Course Syllabus
CoursePM
MCC155 MCC155 Quantum computing lp2 HT20 (7.5 hp)
The course is offered by the department of Microtechnology and Nanoscience
Contact details
 Examiner: Giulia Ferrini, ferrini@chalmers.se
 Lecturer: Anton Frisk Kockum, anton.frisk.kockum@chalmers.se
 Teaching assistant: Laura GarcíaÁlvarez, lauraga@chalmers.se
 Guest Lecturer: Martin Eckerå
Administrative support for the AachenDelft Chalmers league:
 Anand Sharma, sharma@physik.rwthaachen.de
 Per Lundgren, per.lundgren@chalmers.se
 Linda Brånell linda.branell@chalmers.se
Students representatives:

Thomas Hoffmann (MPCAS), thohof@student.chalmers.se

Eric Lindgren (MPPHS), ericlindgren97@gmail.com

Johan Nicander (MPDSC), johnika@student.chalmers.se
 Axel Andersson (MPENM), axean@student.chalmers.se
Course purpose
The aim of the course is to familiarise the students with both important quantum algorithms (such as Quantum Fourier transform, Phase estimation, and Shor's algorithm), variational quantum algorithms that utilise an interplay between classical and quantum computers (such as the Variational Quantum Eigensolver (VQE), and the Quantum Approximate Optimisation algorithms (QAOA), among others), and the intersection of quantum computing and machine learning. The course will also give the students practical experince of programming a quantum computer.
Quantum computers are rapidly improving, and recently ”quantum computational supremacy” was achieved, i.e., a quantum computer was able to perform a computational task much faster than a classical computer. Quantum computing is expected to have applications in many areas of society. The course prepares the students for applying quantum computation to a variety of important problems.
Schedule
Lectures and tutorials take place in the following dates:
monday 13:15, thursday 8h, friday 15:15, starting from November 2nd, till December 18th (7 weeks).
Examination dates:
Original exam: 20210113 Fm 4h (8.30 to 12:30)
Reexam 1: 20210407 Em 4h
Reexam 2: 20210828 Fm 4h
Information on how and in which form the exam takes place will be shortly posted here.
Do not forget to register for the exam (both students and PhD students), the latest date is 20201217! Without registration, you will not be able to sit the exam.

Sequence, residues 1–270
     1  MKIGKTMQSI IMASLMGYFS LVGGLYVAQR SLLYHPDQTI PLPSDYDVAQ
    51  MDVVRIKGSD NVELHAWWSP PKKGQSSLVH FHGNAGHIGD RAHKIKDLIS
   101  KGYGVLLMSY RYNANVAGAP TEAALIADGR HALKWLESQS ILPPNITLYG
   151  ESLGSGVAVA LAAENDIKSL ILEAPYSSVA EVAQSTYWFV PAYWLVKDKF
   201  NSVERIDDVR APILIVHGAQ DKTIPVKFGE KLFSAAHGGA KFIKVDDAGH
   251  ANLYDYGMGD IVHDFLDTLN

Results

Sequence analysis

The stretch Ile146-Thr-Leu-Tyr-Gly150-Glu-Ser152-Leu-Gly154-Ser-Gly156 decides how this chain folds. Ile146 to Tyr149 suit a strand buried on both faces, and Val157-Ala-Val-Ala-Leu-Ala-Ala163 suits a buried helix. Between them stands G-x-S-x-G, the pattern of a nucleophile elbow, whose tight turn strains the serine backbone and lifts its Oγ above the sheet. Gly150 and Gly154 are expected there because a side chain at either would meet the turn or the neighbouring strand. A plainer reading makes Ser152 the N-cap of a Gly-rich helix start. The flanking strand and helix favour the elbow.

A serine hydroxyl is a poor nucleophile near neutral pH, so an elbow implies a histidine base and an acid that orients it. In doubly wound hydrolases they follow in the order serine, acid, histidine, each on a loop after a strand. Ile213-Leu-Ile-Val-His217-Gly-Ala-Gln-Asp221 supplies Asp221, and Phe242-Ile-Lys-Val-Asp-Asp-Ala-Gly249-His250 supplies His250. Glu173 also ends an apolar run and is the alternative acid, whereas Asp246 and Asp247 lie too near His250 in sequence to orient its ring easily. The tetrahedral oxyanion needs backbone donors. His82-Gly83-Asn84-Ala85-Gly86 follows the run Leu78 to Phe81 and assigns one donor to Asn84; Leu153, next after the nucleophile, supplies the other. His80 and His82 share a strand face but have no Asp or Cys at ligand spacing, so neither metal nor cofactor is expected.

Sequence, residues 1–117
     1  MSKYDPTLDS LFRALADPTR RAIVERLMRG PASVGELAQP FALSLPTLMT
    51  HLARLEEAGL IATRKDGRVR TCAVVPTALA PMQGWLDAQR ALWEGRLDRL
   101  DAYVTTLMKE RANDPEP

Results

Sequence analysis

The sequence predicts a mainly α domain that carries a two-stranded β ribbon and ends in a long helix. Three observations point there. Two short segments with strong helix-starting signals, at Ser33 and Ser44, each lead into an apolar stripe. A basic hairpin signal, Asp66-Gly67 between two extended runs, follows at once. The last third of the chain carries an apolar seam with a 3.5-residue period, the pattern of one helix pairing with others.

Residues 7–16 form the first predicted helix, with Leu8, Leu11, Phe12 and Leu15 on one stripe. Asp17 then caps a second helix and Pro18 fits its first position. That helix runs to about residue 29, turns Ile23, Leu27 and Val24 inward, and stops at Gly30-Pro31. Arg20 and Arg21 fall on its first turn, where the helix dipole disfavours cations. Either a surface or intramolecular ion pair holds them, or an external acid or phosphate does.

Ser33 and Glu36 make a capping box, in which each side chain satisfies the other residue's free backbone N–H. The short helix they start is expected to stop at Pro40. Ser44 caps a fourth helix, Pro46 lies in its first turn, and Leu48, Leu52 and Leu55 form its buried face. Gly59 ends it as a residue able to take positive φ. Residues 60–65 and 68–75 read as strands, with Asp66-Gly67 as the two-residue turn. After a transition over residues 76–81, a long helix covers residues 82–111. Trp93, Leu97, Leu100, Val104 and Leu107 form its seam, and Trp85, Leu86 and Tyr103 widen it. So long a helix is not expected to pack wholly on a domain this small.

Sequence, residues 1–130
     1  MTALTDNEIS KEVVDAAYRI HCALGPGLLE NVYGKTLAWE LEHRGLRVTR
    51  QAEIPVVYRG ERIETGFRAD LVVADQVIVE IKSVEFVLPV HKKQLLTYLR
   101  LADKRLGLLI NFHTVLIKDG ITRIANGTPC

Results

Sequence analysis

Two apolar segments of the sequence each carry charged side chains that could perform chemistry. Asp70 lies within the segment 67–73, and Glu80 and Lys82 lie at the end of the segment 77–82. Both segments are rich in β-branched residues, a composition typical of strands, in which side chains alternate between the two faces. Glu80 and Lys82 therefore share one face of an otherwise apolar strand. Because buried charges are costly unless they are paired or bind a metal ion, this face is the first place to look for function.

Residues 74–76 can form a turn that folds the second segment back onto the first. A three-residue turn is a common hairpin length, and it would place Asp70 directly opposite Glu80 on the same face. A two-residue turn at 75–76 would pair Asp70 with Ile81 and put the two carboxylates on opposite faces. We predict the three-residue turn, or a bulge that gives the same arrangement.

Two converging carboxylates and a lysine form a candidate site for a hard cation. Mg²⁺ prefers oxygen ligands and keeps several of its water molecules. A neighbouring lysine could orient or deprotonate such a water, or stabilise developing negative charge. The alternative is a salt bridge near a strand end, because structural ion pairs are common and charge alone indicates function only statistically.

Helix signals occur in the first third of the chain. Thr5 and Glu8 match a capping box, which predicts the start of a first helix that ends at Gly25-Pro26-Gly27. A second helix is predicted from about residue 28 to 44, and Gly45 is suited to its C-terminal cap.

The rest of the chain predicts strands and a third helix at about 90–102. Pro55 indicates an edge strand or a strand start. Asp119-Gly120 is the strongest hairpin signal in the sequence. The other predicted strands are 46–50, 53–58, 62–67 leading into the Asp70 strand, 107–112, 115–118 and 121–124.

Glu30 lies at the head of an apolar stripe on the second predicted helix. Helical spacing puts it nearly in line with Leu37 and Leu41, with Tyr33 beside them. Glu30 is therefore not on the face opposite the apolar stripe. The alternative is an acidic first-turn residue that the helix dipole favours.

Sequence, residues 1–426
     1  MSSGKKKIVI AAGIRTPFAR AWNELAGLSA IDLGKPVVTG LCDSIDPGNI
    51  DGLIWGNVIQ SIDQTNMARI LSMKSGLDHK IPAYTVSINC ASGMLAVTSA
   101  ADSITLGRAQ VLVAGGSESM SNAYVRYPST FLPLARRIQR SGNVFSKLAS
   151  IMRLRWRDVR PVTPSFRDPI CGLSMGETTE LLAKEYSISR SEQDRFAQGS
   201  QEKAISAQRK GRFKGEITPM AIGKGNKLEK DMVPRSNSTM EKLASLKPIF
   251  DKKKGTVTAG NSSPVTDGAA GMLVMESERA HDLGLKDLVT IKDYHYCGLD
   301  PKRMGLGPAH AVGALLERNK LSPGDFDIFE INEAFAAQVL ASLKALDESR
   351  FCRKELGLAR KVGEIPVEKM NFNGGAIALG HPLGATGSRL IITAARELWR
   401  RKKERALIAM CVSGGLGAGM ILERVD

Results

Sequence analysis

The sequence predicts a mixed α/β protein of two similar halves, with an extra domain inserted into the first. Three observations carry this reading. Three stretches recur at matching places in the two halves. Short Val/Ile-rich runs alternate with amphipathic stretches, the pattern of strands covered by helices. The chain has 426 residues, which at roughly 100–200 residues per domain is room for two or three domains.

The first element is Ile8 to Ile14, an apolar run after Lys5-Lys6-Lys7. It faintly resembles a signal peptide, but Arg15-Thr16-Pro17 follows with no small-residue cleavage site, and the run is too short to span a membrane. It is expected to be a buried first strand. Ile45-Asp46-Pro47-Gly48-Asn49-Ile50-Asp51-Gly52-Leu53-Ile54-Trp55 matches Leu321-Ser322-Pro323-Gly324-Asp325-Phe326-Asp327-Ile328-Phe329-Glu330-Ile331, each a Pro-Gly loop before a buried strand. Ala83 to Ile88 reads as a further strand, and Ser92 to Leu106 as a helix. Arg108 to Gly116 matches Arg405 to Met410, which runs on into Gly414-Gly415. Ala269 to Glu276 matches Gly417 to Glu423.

Chalmers master students register via Ladok.
 Chalmers PhD students send an email to Chalmers' Student Centre (studentcentrum@chalmers.se) with your name, personal identity number, course code and the fact that you are a doctoral student.
 Students from Aachen and Delft will receive more information later.
Course literature
 Nielsen and Chuang, Quantum Information and Quantum Computation
 Course notes and references therein
Course design
The course comprises lectures, tutorial exercise sessions, and a programming laboratory exercise.
Learning objectives and syllabus
Learning objectives:
 List modern relevant quantum algorithms and their purposes.
 Explain the key principles of the various models of quantum computation (circuit, measurementbased, adiabatic model).
 Explain the basic structure of the quantum algorithms addressed in the course that are based on the circuit model, and to compute the outcome of basic quantum circuits.
 Compare, in terms of time complexity, what quantum advantage is expected from the quantum algorithms addressed in the course with respect to their classical counterparts.
 Program simple quantum algorithms on a cloud quantum computer or a cloud simulator.
 Understand the basic principles of the continuous variable encoding for quantum information processing.
 Give examples of the motivation for applying quantum computing to machine learning and of what the obstacles are to achieving an advantage from doing so.
See also the syllabus at the studyportalen https://www.student.chalmers.se/sp/course?course_id=31474
Examination form
The assessment comprises two handins and a final written exam.
The credits distribution is as follows: each of the handins counts for about 15% towards the total grade (resulting e.g. in 2 hp within the Chalmers grading system); the written exam counts for about 70% towards the final grade (resulting e.g. in 5.5 hp within the Chalmers grading system). The total points determine the grade (F, 3, 4, 5), according to the distribution: 50% = 3, 70% = 4, 85% = 5. However, you need to score at least 40% at the written exam in order to pass.